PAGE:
Ehud Lamm - Re: Spreadsheet Languages   10/10/2003; 4:41:31 AM (reads: 722, responses: 0)
 I agree. From what I remember of Turbo Pascal (I guess, TP 6.0) it didn't support returning functions (i.e., closures). You can pass functions as parameters, though.
 Isaac Gouy - Re: Spreadsheet Languages   10/10/2003; 8:35:09 AM (reads: 684, responses: 1)
 You can define functions locally, but not return (a pointer to) a function from a function. Both Modula-2 and Oberon-2 allow you to return a function from a function. The crucial detail is that they don't allow a local function to be returned - it must be top level in a module. ```MODULE Test; IMPORT Out; TYPE F = PROCEDURE (): INTEGER; VAR f: F; PROCEDURE Number(): INTEGER; BEGIN RETURN 1; END Number; PROCEDURE FF(): F; BEGIN RETURN Number; END FF; BEGIN f := FF(); Out.Int( f(), 1 ); END Test.``` What about Ada?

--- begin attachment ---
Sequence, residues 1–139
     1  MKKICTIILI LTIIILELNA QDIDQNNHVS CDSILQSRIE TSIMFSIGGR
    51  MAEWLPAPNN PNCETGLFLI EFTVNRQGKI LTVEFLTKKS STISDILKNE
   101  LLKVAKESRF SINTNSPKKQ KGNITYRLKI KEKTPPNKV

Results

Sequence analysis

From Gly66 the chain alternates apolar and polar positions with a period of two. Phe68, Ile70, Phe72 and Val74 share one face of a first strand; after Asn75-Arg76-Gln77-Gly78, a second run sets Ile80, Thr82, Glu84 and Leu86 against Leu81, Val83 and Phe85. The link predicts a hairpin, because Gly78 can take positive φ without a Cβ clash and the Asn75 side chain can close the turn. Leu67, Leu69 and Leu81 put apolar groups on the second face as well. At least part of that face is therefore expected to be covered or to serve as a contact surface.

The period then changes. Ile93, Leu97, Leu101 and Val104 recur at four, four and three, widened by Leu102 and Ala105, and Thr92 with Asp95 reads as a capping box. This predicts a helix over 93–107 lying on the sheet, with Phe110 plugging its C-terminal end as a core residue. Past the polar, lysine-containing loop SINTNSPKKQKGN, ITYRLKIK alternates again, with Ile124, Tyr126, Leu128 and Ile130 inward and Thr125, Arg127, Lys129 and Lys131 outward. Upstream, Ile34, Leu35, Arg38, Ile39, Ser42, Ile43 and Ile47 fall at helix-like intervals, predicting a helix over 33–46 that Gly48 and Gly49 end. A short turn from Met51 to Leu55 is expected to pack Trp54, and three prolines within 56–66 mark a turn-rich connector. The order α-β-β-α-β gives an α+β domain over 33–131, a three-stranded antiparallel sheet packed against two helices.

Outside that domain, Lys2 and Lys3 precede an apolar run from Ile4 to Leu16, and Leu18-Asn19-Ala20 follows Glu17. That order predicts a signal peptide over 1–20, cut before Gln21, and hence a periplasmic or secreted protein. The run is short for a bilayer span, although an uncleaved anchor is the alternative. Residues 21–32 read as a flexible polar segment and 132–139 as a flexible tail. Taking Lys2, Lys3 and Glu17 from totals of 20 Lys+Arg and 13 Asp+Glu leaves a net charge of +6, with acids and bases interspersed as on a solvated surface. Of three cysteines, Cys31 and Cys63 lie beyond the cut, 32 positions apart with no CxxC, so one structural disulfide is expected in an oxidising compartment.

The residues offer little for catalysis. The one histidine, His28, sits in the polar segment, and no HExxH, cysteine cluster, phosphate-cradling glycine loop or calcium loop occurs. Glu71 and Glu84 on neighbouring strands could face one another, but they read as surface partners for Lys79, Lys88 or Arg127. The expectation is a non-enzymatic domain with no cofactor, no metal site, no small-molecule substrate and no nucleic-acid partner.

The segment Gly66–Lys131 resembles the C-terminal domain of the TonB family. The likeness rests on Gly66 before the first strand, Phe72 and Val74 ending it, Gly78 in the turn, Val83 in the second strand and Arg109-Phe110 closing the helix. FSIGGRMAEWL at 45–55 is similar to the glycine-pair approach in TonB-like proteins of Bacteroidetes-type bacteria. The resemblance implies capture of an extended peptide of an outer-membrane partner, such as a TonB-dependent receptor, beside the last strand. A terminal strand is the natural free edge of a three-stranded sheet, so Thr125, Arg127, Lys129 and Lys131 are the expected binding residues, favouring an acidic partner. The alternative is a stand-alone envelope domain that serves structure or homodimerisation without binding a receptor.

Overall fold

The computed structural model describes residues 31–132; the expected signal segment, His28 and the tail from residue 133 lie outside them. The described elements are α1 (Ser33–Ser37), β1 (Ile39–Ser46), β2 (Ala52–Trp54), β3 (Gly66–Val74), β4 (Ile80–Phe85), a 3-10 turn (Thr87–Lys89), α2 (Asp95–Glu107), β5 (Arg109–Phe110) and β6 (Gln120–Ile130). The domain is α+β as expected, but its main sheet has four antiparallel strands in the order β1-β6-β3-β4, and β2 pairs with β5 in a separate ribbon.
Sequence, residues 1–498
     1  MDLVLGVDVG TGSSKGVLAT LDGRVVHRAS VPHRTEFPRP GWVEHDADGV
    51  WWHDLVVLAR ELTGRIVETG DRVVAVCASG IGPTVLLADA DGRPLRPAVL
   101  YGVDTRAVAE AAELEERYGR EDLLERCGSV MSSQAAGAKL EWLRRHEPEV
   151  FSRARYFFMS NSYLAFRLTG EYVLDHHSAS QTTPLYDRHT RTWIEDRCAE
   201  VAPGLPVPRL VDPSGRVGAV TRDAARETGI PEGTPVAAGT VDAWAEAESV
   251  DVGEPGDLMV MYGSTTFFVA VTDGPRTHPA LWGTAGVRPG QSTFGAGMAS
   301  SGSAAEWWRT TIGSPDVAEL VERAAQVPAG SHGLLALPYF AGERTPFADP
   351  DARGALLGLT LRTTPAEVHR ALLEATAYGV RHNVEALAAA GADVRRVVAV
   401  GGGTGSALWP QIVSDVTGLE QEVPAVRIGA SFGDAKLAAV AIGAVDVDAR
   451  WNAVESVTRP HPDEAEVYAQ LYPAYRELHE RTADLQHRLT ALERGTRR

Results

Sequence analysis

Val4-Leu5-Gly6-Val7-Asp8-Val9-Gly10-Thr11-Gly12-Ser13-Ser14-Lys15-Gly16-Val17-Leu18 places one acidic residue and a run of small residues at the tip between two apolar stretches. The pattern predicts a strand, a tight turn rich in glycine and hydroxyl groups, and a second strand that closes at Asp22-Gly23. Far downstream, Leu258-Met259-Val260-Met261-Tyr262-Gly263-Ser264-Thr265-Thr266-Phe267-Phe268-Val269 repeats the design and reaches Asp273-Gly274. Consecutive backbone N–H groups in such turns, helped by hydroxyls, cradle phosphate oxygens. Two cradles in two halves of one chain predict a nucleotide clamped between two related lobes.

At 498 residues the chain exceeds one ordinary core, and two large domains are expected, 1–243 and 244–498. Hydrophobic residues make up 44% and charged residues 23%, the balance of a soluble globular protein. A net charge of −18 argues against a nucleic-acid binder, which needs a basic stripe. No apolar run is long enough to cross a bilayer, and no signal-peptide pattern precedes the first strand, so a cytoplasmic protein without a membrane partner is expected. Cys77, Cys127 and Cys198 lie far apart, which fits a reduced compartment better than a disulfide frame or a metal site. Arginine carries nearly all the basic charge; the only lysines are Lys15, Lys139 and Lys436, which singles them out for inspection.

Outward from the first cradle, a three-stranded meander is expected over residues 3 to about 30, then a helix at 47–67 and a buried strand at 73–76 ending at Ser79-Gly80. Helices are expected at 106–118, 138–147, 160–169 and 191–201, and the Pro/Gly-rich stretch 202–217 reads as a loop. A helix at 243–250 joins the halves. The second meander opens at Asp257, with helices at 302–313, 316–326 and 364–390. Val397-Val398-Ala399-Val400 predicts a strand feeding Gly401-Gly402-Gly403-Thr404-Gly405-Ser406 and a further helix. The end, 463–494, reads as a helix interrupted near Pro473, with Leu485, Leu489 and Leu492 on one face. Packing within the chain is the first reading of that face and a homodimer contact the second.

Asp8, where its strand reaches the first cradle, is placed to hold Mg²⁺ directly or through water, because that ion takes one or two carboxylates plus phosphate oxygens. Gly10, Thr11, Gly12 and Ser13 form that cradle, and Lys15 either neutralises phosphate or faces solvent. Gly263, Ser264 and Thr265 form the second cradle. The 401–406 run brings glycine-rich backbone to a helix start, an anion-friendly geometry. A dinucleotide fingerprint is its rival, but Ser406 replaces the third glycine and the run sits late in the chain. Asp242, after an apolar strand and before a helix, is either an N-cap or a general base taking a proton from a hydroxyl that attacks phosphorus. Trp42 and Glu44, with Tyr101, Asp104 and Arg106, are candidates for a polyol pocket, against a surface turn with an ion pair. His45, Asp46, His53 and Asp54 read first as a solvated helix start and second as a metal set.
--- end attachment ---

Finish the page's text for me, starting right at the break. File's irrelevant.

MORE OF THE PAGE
Patrick Logan - Re: Spreadsheet Languages   10/10/2003; 10:50:31 AM (reads: 654, responses: 0)
 Standard Pascal has downward funargs only and they have to be named.
 Isaac Gouy - Re: Spreadsheet Languages   10/10/2003; 1:18:32 PM (reads: 632, responses: 0)
 I wonder if the notion that Design of a programming language is a Human-Computer Interaction (HCI) problem (slide 18) is: - too obvious to be worth comment (wasn't much of the design of Ada concerned with readability) ? - an annoying distraction from real language design? - outside our experience? ...
 Ehud Lamm - Re: Spreadsheet Languages   10/11/2003; 6:39:28 AM (reads: 614, responses: 0)